Our belief is that your platform should match whether a property is right for a user or not. We are a completely managed market place.
Reviews and ratings are useful when you need to find out the really bad and the really good five per cent. Some minimum level of hygiene factors should be there. But, beyond that, especially when you are focussing on mass, you need to be able to match the properties with the guest.
For alternative stays, it is slightly different. There needs to be a clear and transparent system to understand what they have listed themselves to be, is that actually true or not. That's when a rating system helps. I believe in ratings more than reviews; reviews can be a lot of noise.
We are not looking at standardisation. As long as we can find the strength and weakness of every home and send the right kind of guests there, what can be the problem? In this model, a lot of problems arise because of a mismatch between hosts and guests. Our platform is about matching, not about penalising on the basis of what is right for one guest or wrong for another.
We have 35,000 properties across 4,500 locations. We have a clear view of the market and realised there is a huge under-supply of homes in India. Nobody is bothered about fixing it because there is no incentive. A lot of the new players like Oyo and ZO Rooms are investing on standardising, but they are not creating new rooms. You need to create new rooms in the market to be able to beat competition, and when there are more rooms, quality will have to improve for basic survival in the market. The quality problem is a symptom of the disease which is under-supply.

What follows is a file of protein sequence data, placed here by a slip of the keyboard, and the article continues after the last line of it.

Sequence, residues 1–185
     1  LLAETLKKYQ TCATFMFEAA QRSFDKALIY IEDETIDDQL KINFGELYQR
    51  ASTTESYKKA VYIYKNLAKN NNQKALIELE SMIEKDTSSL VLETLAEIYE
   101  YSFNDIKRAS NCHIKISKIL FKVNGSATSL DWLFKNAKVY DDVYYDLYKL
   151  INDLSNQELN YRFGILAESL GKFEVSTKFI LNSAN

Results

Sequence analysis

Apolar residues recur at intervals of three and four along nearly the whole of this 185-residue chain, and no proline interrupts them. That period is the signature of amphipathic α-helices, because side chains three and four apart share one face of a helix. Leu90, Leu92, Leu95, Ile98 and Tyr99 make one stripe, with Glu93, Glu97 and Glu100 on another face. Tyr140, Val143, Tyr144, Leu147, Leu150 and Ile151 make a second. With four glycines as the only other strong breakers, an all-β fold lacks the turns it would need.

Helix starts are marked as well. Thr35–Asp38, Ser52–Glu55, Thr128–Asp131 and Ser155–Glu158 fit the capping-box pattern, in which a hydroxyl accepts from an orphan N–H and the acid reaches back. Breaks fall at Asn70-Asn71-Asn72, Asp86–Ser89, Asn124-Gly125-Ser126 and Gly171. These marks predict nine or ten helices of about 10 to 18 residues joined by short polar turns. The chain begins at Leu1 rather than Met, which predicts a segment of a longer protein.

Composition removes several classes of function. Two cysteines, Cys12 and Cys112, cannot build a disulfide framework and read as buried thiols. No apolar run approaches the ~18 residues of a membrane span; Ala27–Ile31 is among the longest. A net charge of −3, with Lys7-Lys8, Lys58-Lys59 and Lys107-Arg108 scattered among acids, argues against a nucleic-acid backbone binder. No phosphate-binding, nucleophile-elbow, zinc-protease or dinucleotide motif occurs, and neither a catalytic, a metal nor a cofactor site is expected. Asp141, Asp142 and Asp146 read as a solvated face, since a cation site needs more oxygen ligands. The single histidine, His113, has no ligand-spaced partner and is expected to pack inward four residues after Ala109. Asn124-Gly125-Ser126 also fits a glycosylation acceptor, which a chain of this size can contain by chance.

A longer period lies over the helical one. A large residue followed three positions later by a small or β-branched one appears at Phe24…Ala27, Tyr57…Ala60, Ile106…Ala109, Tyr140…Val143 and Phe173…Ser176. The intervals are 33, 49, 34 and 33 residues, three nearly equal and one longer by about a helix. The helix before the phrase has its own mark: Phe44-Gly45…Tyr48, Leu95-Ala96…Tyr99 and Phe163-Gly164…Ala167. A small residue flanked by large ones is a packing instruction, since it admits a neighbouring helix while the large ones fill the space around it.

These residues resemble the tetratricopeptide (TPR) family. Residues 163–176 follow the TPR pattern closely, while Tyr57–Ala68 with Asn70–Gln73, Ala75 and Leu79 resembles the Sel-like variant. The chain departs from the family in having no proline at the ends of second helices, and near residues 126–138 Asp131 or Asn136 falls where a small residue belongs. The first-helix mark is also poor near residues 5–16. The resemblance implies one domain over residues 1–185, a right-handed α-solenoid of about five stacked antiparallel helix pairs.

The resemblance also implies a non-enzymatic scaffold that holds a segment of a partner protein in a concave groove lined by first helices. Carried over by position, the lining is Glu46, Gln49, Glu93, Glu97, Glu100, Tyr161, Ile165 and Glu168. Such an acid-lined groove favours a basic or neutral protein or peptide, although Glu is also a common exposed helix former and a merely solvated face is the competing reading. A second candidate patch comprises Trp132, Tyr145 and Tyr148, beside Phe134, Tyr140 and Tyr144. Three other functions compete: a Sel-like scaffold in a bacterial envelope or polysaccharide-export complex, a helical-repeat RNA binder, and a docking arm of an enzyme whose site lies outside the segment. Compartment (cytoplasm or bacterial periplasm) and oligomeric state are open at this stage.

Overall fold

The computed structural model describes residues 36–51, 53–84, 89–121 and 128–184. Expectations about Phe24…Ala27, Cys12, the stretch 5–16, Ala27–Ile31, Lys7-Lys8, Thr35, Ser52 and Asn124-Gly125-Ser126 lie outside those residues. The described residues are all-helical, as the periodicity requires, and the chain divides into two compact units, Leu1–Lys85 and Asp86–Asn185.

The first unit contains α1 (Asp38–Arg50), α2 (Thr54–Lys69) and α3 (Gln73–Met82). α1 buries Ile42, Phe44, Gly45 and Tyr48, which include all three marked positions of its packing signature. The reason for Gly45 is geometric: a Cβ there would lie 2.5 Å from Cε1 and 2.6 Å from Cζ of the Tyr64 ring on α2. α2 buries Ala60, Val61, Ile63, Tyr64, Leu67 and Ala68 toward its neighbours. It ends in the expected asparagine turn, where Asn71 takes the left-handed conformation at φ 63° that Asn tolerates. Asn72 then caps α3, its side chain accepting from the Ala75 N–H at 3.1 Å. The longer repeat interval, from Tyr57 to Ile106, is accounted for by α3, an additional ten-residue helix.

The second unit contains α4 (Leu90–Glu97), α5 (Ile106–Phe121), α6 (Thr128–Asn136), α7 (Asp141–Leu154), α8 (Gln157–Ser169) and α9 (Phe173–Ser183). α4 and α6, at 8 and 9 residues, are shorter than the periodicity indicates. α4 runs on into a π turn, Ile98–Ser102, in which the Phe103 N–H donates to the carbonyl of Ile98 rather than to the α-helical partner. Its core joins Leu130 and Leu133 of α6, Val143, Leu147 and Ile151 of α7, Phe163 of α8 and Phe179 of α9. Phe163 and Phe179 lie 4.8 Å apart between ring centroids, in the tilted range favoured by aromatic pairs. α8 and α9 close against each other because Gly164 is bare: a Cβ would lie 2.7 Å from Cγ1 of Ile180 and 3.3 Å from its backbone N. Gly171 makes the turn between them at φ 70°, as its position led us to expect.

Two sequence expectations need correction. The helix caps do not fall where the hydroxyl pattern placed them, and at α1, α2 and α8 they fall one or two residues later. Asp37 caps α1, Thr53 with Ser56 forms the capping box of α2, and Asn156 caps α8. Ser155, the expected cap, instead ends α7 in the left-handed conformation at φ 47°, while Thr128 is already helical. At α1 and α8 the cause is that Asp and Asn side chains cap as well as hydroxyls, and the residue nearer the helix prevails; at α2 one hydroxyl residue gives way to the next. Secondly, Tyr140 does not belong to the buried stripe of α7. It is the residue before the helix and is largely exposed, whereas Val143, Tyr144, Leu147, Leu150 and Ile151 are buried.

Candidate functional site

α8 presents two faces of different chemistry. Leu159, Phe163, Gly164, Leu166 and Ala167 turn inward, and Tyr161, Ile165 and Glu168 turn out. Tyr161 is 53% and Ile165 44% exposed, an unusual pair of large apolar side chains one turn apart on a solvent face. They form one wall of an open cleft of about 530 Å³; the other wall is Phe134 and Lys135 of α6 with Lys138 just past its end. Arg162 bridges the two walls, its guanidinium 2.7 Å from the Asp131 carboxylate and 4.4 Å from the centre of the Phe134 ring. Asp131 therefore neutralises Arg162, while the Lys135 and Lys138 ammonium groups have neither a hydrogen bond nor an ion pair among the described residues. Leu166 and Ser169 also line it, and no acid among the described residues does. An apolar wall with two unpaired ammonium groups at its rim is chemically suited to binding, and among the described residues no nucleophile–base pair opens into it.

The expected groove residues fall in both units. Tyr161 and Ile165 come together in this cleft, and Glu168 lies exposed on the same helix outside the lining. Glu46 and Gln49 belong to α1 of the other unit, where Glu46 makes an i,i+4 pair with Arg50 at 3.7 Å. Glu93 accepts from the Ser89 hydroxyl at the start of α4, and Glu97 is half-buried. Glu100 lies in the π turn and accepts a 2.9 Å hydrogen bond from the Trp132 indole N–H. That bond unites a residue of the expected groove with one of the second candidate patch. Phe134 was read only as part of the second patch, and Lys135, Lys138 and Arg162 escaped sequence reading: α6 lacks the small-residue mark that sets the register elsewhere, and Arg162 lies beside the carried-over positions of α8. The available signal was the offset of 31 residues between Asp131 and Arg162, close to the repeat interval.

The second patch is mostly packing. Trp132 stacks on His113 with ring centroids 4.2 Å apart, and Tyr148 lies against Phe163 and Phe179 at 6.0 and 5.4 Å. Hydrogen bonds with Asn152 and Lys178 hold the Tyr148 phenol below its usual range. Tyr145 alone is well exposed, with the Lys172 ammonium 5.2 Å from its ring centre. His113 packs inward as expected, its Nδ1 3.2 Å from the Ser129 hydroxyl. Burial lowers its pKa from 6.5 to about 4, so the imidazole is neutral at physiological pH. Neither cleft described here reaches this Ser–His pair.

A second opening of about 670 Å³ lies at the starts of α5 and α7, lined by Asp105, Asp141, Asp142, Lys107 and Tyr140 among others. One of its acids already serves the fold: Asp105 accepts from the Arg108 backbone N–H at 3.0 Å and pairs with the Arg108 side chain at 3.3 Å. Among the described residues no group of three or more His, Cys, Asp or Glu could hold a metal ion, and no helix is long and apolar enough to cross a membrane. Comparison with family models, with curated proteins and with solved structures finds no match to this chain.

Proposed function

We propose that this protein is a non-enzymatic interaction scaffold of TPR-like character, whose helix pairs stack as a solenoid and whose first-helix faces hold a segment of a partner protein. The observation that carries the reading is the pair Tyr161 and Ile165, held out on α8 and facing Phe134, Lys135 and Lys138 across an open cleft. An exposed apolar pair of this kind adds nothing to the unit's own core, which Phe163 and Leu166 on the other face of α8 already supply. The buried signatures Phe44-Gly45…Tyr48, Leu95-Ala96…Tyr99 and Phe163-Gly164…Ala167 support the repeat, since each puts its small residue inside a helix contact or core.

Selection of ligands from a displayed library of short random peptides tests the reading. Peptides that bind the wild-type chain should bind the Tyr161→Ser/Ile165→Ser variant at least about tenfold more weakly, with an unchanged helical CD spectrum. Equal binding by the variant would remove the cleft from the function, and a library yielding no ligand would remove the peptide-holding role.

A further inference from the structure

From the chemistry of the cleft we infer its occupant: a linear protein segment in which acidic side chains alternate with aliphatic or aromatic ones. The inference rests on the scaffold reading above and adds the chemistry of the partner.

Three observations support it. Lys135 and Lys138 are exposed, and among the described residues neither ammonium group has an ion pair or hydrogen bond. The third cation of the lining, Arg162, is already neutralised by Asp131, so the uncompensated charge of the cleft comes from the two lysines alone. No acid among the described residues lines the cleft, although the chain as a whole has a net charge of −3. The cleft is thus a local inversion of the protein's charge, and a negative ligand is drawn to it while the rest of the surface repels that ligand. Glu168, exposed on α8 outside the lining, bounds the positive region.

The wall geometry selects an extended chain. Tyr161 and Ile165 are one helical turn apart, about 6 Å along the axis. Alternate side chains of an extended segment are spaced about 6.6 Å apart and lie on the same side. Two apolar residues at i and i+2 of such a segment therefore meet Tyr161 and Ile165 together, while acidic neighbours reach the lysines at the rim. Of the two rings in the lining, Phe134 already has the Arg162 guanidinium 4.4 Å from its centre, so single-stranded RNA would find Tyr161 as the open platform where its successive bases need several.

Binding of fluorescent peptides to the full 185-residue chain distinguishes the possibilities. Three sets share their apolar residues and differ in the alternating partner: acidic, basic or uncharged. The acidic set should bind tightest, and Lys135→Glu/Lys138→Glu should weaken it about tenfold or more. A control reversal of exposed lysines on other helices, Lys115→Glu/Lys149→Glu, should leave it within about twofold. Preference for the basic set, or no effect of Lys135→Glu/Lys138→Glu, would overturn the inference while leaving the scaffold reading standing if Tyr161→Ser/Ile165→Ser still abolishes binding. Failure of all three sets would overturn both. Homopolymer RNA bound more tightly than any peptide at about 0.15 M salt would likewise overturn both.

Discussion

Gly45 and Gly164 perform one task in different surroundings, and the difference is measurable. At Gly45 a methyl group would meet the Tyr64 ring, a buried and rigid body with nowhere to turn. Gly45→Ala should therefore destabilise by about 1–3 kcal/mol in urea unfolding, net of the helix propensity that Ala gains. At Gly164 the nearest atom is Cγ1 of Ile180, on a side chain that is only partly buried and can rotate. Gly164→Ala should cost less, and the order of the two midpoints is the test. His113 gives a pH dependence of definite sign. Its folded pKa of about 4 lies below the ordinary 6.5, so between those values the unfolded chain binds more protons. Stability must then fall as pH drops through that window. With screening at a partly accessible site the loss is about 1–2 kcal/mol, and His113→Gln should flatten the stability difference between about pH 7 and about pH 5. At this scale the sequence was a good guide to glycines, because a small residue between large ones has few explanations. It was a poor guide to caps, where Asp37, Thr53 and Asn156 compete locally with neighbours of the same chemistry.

There are two kinds of suppliers. The first are those who were selling rooms before Stayzilla existed, and the second are adding rooms to the market. Both require different strategies to manage. The first is more relationship based, the latter more platform-centric. We have two separate teams to look after each. Our focus now is talking to first-time hosts; because it solves the need gap that exists. So, our recent funding of $20 million will go into this, to expand supply.
We have separate B2B and B2C marketing, but have been planning to merge them. Our communication now will focus on the host. We are also using interest-based targetting, where if you open up a Bob Dylan page, we use that data to talk you on Facebook saying 'meet other Dylan fans by becoming a host on Stayzilla'.
It is Indians all the way. Foreigners are probably just 5 per cent. Over 50 per cent of our customers are from tier II and III cities. Over 80 per cent of our business goes to non-metros. For other players in India, 70 per cent of their business is in metros. I am talking about cities like Kolhapur, Kargil and Shirdi.
Since we started off in South, we have a strong base there. But, in the last two years, we have expanded across India. Right now, about 45 per cent of our properties are in North India.